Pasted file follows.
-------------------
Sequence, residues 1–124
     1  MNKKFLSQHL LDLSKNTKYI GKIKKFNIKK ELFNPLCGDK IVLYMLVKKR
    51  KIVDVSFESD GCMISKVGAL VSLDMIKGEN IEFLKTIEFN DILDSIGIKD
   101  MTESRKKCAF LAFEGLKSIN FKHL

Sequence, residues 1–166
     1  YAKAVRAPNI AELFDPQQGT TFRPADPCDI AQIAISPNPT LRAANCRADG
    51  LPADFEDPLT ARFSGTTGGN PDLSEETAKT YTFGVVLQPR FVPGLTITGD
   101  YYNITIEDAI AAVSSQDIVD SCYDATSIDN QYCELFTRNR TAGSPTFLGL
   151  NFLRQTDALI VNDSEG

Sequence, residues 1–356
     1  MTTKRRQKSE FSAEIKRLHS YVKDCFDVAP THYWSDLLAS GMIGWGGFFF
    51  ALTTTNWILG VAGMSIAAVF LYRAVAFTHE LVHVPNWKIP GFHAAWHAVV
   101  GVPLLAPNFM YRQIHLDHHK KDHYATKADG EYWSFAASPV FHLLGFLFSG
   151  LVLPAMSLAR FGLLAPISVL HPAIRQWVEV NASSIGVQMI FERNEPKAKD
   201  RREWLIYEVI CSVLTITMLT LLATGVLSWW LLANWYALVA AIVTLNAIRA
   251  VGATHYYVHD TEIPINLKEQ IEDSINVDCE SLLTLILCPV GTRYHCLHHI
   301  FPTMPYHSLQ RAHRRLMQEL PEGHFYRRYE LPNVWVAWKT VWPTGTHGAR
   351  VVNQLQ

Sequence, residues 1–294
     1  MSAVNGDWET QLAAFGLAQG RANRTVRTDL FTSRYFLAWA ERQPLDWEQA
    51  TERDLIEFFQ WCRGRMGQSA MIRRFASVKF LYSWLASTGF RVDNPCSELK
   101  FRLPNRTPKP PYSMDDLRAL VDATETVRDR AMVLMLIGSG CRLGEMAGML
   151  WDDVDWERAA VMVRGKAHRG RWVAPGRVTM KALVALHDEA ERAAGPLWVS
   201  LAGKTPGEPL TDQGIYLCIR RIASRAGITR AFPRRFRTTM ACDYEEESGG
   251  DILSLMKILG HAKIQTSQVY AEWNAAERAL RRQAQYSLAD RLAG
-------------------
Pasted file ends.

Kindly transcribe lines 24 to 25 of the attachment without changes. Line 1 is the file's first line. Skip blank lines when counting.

   201  LAGKTPGEPL TDQGIYLCIR RIASRAGITR AFPRRFRTTM ACDYEEESGG
   251  DILSLMKILG HAKIQTSQVY AEWNAAERAL RRQAQYSLAD RLAG